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NCJ Number: 229797 Find in a Library
Title: Effects of Unemployment and Poverty on Sexual Appetite and Sexual Risk in Emerging and Young Adults
Journal: Sexual Addiction and Compulsivity  Volume:16  Issue:4  Dated:October-December 2009  Pages:267-288
Author(s): Matthew J. Davis
Date Published: December 2009
Page Count: 22
Document: HTML (Publisher Site)
Publisher: http://www.taylorandfrancis.com 
Type: Report (Study/Research)
Format: Article
Language: English
Country: United States of America
Annotation: This study examined risky sexual behavior among disadvantaged young adults.
Abstract: Since the economic recession was declared in December 2007, the rate of unemployed citizens has continued to rise, leading to a loss of over 7 million jobs. Emerging and young adults may be particularly vulnerable to the effects of unemployment and poverty because this developmental time period has been described as a time in which an individual is experiencing extensive identity exploration. One area of psychosocial functioning, sexual addiction, has received less attention in regard to unemployment and poverty, particularly among emerging and young adults. To examine these relationships, the National Longitudinal Survey of Youth 1997 (NLSY97) was used with a sample of 2,362 participants aged 21-27. Structural equation modeling results found that individuals with higher poverty were more likely to have sex more frequently with multiple partners and decreased birth control use, including condoms. It was also found that when divided into regular and irregular workers, group differences emerged between the genders showing that irregular workers potentially have greater sexual appetite and sexual risk. The results highlight important relationships that must be further explored to better understand how emerging and young adults are affected by poverty and unemployment. Tables, figures, and references (Published Abstract)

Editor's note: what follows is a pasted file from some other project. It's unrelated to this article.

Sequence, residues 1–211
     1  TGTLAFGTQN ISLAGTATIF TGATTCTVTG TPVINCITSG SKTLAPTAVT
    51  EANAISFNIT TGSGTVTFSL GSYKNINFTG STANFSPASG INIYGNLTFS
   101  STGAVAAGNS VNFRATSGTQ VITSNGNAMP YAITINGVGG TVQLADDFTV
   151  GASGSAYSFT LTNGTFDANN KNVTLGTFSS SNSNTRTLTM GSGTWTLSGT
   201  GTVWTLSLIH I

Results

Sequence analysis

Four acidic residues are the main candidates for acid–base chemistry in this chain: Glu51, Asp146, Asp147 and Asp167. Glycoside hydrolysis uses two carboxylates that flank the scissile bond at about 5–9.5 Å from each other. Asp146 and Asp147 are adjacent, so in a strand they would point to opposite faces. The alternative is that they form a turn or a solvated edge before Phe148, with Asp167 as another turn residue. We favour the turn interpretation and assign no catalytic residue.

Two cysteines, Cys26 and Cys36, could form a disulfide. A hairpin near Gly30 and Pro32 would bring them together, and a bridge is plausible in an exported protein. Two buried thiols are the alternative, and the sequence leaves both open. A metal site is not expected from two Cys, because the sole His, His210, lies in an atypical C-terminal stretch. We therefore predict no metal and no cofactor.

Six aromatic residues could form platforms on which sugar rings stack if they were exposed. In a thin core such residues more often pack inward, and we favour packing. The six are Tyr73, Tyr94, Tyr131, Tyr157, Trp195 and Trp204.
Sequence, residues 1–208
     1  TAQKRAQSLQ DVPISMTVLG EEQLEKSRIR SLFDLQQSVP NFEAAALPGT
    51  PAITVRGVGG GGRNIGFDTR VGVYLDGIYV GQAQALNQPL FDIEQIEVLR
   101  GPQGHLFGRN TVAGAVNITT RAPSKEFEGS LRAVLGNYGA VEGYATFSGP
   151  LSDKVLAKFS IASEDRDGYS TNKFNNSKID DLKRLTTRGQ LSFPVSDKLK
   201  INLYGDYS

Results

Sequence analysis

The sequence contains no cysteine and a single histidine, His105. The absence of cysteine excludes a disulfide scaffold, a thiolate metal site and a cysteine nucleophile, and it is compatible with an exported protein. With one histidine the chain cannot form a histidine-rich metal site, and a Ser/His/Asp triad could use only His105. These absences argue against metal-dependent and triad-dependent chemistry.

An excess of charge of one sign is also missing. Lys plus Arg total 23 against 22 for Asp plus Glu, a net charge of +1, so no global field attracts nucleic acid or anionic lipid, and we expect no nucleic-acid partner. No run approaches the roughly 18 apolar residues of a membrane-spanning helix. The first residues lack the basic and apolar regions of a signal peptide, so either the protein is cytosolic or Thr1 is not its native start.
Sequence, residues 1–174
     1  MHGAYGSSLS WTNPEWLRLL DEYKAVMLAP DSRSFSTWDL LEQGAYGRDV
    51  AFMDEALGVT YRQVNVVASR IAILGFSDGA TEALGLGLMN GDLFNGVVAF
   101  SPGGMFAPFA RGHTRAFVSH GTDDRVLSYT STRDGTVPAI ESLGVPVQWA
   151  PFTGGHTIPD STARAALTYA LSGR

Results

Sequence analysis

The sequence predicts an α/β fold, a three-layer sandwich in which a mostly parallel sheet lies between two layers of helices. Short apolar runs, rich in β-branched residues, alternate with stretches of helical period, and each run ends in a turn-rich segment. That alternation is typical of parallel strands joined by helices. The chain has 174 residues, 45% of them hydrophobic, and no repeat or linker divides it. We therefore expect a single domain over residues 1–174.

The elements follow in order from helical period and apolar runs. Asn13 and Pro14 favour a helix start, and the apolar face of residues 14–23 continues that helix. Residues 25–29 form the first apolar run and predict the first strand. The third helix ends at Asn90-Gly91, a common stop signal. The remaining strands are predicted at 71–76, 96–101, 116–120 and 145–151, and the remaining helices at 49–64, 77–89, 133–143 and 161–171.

Main Term(s): Sexual behavior
Index Term(s): Psychosexual behavior; Risk taking behavior; Social psychology; Unemployment; Young Adults (18-24)
To cite this abstract, use the following link:
http://www.ncjrs.gov/App/publications/abstract.aspx?ID=251829

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